In the post-recession pet food world, acquisitions and capital investments promise to reshape the U.S. pet food market. During 2010, Procter & Gamble/Iams acquired holistic pet food maker Natura, Nestlé Purina bought fast-growth treats maker Waggin’ Train, and Del Monte was snapped up by a group of investors including KKR for the tidy sum of $5.3 billion. As the early 2011 acquisition of Petmate by private equity firm Wind Point Partners makes clear, this keen interest in all things pet is industry-wide, with smaller companies also receiving capital infusions. Breathing additional dynamism into the market are health-related marketing and product development initiatives including a wave of grain-free pet foods, new weight-loss foods and programs from major market forces including Hill’s and Purina, and a flood of additional special diet and condition-specific functional foods and treats that takes the notion of pet pampering to a new level.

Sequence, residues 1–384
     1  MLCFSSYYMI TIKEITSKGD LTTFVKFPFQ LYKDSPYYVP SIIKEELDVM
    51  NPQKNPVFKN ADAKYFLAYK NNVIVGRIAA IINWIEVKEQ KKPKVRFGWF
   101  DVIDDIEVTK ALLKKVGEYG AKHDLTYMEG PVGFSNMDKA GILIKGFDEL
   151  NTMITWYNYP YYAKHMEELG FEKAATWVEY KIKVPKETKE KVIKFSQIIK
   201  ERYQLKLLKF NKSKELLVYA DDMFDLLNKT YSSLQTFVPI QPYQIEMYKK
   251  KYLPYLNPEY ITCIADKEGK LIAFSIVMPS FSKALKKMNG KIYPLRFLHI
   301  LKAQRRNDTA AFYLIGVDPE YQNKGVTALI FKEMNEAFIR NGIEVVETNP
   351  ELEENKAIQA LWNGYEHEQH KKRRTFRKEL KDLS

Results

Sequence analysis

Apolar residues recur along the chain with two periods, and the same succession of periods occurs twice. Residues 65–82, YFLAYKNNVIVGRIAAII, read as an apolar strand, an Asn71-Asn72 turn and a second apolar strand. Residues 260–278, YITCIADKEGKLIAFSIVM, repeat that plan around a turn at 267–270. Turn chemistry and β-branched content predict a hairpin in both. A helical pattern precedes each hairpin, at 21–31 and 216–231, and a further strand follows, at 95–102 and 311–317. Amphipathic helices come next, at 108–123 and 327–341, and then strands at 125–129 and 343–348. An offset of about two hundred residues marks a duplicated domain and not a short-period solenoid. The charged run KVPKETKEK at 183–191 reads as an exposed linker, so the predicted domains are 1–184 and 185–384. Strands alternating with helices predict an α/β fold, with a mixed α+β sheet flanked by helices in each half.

At the same time, the market continues to face challenges related to consumer cutbacks and retail price wars. Toward the end of the historical 2006-2010 period examined here, the $70K-plus households who have been largely driving the product premiumization trend took a step back, as did some of the consumers buying natural products. As signs of the times, Mars discontinued its Goodlife Recipe line of “natural light” pet foods, and Nestlé Purina quietly withdrew its Pet Promise “stealth brand” from the natural supermarket channel. In addition, during 2010, the number of new products tagged Upscale halved as marketers and retailers continued to focus on value-related appeals, while the number of private-label entries rose. Looking ahead into 2011, this sort of temperance will remain a smart strategy, since in Packaged Facts’ most recent survey of pet owners, conducted in February 2011, almost three-quarters of pet owners agree with the statement “I think many pet products are becoming too expensive.”